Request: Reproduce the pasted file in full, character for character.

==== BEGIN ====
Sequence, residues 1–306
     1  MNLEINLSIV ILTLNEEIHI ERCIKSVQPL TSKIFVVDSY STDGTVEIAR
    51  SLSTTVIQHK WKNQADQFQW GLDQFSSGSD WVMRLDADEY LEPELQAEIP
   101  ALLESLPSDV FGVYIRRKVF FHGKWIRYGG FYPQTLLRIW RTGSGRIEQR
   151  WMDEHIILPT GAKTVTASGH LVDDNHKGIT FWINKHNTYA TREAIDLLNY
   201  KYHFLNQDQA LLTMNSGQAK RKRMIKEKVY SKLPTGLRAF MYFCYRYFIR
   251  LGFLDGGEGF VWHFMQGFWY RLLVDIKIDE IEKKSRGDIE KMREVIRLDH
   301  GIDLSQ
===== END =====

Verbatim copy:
Sequence, residues 1–306
     1  MNLEINLSIV ILTLNEEIHI ERCIKSVQPL TSKIFVVDSY STDGTVEIAR
    51  SLSTTVIQHK WKNQADQFQW GLDQFSSGSD WVMRLDADEY LEPELQAEIP
   101  ALLESLPSDV FGVYIRRKVF FHGKWIRYGG FYPQTLLRIW RTGSGRIEQR
   151  WMDEHIILPT GAKTVTASGH LVDDNHKGIT FWINKHNTYA TREAIDLLNY
   201  KYHFLNQDQA LLTMNSGQAK RKRMIKEKVY SKLPTGLRAF MYFCYRYFIR
   251  LGFLDGGEGF VWHFMQGFWY RLLVDIKIDE IEKKSRGDIE KMREVIRLDH
   301  GIDLSQ